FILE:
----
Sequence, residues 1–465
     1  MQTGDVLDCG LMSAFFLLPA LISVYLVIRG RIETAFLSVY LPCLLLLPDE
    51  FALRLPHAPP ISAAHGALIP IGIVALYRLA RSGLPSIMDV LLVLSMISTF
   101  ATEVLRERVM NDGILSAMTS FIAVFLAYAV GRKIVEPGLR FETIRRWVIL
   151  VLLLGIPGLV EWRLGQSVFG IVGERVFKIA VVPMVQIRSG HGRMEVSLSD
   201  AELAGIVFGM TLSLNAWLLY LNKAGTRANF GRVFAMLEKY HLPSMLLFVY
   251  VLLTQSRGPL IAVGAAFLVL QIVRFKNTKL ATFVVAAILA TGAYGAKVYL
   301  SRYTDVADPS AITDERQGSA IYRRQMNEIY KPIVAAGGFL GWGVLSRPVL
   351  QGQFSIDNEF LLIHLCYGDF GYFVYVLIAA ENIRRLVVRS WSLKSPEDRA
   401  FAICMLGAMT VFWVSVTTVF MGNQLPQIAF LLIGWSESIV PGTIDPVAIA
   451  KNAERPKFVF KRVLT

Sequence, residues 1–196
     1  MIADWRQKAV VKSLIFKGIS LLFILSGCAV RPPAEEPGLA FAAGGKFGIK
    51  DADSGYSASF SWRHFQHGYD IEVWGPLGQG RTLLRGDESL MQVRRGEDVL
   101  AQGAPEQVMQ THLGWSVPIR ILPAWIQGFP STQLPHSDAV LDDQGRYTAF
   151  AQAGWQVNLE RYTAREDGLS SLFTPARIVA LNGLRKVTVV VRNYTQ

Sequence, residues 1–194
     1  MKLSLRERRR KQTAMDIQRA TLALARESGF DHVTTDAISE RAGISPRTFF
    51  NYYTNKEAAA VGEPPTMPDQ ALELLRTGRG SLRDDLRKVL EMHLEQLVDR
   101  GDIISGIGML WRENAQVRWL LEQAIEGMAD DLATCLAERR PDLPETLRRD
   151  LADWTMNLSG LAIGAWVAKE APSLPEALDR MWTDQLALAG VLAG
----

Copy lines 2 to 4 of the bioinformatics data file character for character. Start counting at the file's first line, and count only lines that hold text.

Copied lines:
     1  MQTGDVLDCG LMSAFFLLPA LISVYLVIRG RIETAFLSVY LPCLLLLPDE
    51  FALRLPHAPP ISAAHGALIP IGIVALYRLA RSGLPSIMDV LLVLSMISTF
   101  ATEVLRERVM NDGILSAMTS FIAVFLAYAV GRKIVEPGLR FETIRRWVIL